Special Report: The right cabling boosts hot-runner, controller efficiency

Jan. 26, 2016

Injection molders have a range of vendors for hot-runner systems or controllers, but often, molders give little thought as to how best to physically connect the two, says Chuck Emig, president of Powertech Components Inc., San Antonio, a supplier of mold wiring systems.

"Cabling, wiring and the connector types are as critical a component in developing a hot-runner process as the hot-runner system or controller, yet molders tend to treat mold wiring like an extension cord; it's an afterthought," says Emig. The use of incompatible or incorrect cables and connectors is an unrecognized culprit of process failures, he says.


Incompatible wiring can be the source of heater and thermocouple failure, causing runaway heating, degradation of protective seals and severe mold damage. The two most common causes of hot-runner failure based on the wiring and connector type is cable pullout from the connector socket and pin pushout, both of which can cause dead zones and shorting.

Cable pullout is caused when the cable is not properly secured to the controller or hot runner, which can damage the wires. Pins can also be pushed out from the connector, which can damage the pins and lead to downed heating zones in the hot runner. Emig says standard, off-the-shelf cable styles use formed and stamped light-duty pins that can shake loose from the tool or controller during injection molding, potentially causing loss of heating zone control and pin breakage.

Molders can also misuse a cable, connecting a power cable to a thermocouple or a thermocouple cable to the power, which can render the hot-runner system inoperative. Loose wires and arcing terminals can cause heater failure or lost thermocouples. "A Florida-based injection molder using standard cables said pin push-out problems were so frequent that they needed to contact a service technician five to 10 times per day," says Emig.

Molders can also encounter problems with molds that incorporate unique connections configured by the previous molder. "Molders may not specify a standard regarding their mold connections, letting the mold maker or hot-runner supplier choose. Other molders may develop less- efficient, one-off-type custom solutions to connecting the hot-runner components. Others may have success using standard cables but not operate at optimum efficiency," says Emig. Mold makers that test the hot runner in their facility can use a controller and connection that the molder does not employ, which can lead to panic when the tool doesn't work in the molder's facility.

Finding the mold wiring problem is a time-consuming issue due to the way molds have been wired. Molders have no way to accurately determine which pin and wire are linked to which heater zone. "It can be a maze of tangled, unlabeled wires going into a terminal block, and this can extend the time required to find and resolve the problem," says Emig.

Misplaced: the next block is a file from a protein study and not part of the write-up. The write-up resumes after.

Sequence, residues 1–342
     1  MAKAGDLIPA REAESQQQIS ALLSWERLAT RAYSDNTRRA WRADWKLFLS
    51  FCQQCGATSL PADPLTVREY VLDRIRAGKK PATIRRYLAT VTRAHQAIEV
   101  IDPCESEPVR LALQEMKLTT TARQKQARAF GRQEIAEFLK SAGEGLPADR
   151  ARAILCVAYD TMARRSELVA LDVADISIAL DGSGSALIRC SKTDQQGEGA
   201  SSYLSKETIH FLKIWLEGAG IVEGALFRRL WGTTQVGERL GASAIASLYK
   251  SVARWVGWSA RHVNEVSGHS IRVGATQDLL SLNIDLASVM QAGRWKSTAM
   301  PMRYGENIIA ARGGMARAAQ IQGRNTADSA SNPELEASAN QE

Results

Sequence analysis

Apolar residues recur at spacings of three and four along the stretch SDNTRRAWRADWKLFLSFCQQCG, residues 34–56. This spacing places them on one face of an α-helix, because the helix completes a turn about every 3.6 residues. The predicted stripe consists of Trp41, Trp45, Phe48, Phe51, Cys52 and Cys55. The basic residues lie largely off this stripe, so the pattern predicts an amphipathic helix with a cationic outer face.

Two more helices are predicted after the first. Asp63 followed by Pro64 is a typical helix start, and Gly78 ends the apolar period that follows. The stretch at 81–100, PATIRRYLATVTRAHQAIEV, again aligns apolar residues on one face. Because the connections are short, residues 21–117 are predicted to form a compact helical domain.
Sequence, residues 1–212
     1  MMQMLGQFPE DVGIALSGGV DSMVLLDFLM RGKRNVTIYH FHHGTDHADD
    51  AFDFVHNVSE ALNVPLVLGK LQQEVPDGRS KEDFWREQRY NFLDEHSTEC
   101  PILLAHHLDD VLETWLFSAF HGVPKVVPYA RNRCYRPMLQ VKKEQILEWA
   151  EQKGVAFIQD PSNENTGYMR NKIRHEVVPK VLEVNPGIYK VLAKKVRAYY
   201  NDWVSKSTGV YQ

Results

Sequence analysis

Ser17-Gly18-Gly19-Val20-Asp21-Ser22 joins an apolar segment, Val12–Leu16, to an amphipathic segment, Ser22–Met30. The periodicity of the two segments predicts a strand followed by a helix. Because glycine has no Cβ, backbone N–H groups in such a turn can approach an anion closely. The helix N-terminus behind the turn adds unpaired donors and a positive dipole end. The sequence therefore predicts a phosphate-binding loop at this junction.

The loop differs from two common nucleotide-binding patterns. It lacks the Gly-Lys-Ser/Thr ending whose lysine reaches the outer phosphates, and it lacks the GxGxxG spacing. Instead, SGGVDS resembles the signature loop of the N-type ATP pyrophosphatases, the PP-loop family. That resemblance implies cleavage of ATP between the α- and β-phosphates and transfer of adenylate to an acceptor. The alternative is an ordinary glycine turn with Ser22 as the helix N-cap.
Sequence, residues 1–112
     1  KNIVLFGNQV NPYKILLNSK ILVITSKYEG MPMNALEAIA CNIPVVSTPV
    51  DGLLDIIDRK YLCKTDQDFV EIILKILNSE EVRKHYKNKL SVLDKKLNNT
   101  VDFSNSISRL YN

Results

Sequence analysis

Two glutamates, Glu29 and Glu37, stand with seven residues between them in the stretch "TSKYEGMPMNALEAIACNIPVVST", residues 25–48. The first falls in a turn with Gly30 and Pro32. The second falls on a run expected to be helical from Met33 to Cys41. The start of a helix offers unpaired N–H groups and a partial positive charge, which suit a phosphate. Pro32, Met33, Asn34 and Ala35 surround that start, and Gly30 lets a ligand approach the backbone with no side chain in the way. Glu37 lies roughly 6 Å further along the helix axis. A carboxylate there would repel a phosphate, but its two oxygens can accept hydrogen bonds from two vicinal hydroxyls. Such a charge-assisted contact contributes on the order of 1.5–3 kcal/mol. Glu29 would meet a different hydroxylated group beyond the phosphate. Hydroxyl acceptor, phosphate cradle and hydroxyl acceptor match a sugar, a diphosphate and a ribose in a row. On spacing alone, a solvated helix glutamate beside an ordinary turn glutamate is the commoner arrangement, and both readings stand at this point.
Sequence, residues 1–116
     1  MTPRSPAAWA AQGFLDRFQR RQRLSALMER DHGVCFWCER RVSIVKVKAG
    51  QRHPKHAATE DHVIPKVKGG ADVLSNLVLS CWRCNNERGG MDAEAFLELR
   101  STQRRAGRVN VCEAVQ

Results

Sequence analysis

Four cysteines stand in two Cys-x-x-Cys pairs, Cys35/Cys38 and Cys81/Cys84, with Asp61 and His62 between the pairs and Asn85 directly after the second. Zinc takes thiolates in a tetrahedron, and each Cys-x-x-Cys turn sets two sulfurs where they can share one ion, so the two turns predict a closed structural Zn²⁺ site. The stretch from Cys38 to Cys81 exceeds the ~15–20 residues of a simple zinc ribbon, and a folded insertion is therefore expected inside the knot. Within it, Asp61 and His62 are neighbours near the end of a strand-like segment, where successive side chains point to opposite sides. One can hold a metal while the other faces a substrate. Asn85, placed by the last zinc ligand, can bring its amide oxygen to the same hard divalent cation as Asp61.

Powertech says that when it was founded 20 years ago, it was the first company to offer as standard a terminal block hot-runner wiring system that was prewired and numbered by zone. It produced five-, eight- and 12-zone systems initially, but has expanded its capability to make standard, single-face and stack-mold systems requiring up to 48 zones. Prior to the introduction of Powertech's mold wiring systems, no prewired devices were available with more than 12 zones. Prewired devices that were available were simply empty boxes with the connectors attached to them, says Emig.

Powertech also customizes engineered systems with up to 208 zones. The company has produced hundreds of thousands of wiring types, varying the pin configuration, wiring configuration, type of connector and latching mechanism. It offers its CT and CX line of wiring systems.

The company also manufactures its own line of cable types and connectors that provide a secure contact, eliminate pin pushout (through its Titan manufacturing process) and enable easy matching of wiring to heating zones. Powertech manufactures solid, machined connector pins; produces the cables from stranded wires rather than lower-cost solid wires; and incorporates conduit glands that are independent from the wire for added flexibility and that ensure cable connection. Cables are color-coded for easy identification.

Powertech designs DME and EPIC cables and makes other cable types that use a variety of connectors. It manufactures mold wiring systems designed with four terminal blocks for each mold zone (two blocks for power and two for the thermocouple). "All terminal blocks are numbered by mold zone and all mold connections are prewired to the correct terminal block position for ease of use, which reduces start-up or maintenance times," says Emig. This eliminates "spaghetti" wiring and simplifies connector identification. Pressure screws ensure a secure contact between the wiring and connector type.

Powertech cables, connectors and wiring systems can join the hot runner to high-end or basic temperature controllers, says Emig. The company also repairs and rebuilds cables from any supplier.

Mikell Knights, senior correspondent

[email protected]


Powertech Components, 210-521-0799, www.powertechcomponents.com